I never read Virginia Woolf’s A Room Of Ones Own, but I quote the title often.
When I was fixing up the Studio Barn, making it mine, I found I couldn’t stop crying. I cried when I cleaned it out, I cried when I vacuumed the ceiling, I cried when I painted the walls and floor, I cried when I washed the windows, I cried when I moved my loom and fabric in.
It wasn’t just that I had a space of my own to work in when I chose to and to do with exactly as I pleased. It was as if I was finding a part of myself that had been hidden, even from me, my whole life. It seemed I had tucked the artist I was, safely away in a deep pocket within me and now it was re-emerging. My whole life I had given pieces of myself away, and moving into the Studio Barn was my first step in becoming whole again. And Jon was the one who offered it to me, not just the space, but the gift of seeing, through someone else’s eyes, who I really was. And I took that gift and ran with it.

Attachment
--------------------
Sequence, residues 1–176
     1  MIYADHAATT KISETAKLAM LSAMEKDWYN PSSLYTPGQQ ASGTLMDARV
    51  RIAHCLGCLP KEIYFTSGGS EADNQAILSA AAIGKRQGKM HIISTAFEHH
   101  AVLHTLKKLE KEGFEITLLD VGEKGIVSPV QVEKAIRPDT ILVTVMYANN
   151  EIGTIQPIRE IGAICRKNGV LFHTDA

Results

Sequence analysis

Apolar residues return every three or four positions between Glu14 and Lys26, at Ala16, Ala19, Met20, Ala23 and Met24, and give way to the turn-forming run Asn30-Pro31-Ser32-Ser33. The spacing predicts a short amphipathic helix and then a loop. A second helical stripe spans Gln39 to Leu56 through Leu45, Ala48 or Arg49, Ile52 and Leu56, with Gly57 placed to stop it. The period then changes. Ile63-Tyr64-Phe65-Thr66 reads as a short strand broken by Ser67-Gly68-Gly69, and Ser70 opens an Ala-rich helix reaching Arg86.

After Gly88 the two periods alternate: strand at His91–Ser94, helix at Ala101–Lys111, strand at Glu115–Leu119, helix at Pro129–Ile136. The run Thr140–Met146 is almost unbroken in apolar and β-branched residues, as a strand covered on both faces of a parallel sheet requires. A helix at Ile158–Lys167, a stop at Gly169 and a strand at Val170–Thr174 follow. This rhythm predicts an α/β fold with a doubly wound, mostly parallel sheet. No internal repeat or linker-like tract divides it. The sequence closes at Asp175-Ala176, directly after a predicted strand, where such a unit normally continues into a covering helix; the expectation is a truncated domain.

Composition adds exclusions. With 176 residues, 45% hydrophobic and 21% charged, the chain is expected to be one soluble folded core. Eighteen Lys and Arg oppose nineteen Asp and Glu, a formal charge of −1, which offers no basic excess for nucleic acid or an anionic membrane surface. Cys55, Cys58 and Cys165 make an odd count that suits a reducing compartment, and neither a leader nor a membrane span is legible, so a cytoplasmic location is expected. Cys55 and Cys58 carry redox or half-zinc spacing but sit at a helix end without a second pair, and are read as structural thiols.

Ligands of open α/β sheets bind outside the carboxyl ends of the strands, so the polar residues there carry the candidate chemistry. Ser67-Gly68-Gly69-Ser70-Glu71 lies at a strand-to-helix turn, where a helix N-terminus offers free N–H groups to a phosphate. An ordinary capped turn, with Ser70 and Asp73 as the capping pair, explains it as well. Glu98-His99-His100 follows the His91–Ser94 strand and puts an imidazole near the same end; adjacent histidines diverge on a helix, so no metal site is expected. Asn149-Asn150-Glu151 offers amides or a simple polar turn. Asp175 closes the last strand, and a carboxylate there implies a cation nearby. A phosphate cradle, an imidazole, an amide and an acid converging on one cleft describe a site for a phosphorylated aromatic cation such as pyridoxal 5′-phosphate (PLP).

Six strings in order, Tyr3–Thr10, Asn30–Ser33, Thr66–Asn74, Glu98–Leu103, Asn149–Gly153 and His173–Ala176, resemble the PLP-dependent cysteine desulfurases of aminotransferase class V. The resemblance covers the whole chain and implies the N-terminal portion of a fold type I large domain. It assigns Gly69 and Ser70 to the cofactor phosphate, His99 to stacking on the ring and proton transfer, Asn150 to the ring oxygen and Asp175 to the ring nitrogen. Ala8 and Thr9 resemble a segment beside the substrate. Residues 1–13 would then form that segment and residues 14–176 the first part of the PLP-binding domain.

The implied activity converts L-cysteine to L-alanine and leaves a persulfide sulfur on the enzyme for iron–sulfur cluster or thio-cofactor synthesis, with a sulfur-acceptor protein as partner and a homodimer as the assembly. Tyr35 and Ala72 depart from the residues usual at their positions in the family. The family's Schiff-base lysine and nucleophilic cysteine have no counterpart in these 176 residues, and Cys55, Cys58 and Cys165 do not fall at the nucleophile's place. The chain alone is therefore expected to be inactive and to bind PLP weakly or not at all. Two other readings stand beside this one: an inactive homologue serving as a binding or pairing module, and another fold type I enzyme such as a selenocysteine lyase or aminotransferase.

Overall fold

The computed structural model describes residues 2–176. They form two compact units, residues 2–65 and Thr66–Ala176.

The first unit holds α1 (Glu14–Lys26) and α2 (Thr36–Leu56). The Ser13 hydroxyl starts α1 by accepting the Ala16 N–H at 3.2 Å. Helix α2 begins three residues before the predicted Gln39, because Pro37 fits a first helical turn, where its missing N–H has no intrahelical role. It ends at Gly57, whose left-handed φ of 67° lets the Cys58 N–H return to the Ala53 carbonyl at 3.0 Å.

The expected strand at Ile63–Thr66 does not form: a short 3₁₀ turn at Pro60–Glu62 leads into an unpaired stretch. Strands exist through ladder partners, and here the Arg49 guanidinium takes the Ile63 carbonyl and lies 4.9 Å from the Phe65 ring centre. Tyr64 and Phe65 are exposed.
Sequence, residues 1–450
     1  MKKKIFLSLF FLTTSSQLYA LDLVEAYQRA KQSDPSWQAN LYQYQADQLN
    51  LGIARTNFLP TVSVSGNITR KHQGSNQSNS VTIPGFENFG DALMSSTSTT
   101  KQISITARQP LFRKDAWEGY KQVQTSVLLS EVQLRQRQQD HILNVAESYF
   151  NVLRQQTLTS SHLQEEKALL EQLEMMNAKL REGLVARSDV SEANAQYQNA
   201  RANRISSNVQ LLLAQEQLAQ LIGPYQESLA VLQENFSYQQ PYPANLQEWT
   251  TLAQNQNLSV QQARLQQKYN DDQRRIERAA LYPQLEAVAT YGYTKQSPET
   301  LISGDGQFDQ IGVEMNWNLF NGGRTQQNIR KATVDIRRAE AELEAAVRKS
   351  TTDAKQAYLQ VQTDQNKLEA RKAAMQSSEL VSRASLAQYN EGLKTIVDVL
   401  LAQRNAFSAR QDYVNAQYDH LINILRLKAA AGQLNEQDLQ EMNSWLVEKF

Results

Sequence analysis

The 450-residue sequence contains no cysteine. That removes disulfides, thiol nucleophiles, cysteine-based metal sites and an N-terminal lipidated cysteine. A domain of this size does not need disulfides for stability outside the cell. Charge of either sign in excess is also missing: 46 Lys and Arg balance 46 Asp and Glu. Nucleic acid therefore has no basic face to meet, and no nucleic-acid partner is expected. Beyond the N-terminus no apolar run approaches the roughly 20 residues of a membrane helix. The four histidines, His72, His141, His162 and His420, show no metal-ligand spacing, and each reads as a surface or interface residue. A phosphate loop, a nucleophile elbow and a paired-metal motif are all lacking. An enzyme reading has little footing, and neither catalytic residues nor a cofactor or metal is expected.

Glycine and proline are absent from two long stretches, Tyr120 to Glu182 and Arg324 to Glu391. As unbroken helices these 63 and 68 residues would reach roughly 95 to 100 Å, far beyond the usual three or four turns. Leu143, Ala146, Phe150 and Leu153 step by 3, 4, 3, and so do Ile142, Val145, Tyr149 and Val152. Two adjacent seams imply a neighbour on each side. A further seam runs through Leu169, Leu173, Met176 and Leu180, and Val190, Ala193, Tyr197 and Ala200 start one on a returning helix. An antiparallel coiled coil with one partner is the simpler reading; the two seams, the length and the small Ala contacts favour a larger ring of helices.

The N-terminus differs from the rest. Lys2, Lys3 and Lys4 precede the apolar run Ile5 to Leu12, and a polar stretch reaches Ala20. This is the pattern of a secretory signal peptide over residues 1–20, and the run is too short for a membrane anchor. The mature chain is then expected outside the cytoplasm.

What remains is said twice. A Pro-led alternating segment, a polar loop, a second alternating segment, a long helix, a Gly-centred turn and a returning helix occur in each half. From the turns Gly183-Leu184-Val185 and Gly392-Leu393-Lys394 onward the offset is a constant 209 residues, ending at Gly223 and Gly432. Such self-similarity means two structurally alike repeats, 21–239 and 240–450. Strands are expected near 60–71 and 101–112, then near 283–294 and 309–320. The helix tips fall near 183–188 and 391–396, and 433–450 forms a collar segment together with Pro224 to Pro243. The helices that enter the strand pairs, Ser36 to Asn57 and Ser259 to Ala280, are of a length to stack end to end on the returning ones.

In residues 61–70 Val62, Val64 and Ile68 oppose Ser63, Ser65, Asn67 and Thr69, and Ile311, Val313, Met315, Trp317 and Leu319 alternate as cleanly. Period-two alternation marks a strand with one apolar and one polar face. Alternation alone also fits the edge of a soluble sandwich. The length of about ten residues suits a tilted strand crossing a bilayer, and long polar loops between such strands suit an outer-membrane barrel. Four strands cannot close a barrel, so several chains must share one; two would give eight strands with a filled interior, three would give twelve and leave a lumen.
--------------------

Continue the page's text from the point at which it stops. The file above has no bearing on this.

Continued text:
And now, at this point in my life, I couldn’t imagine not having a studio. Someplace outside of the house, (I’m not strong enough to resist the pull of a sink full of dishes or a dryer full of clothes.) Where at the end of the day I can leave the scraps of fabric on the floor and the half finished work on my desk, cover my machine, turn off the lights and leave in a moment’s notice. Then come back the next morning and find everything exactly as I left it.
What a gift, and I take it gratefully, every day and every night.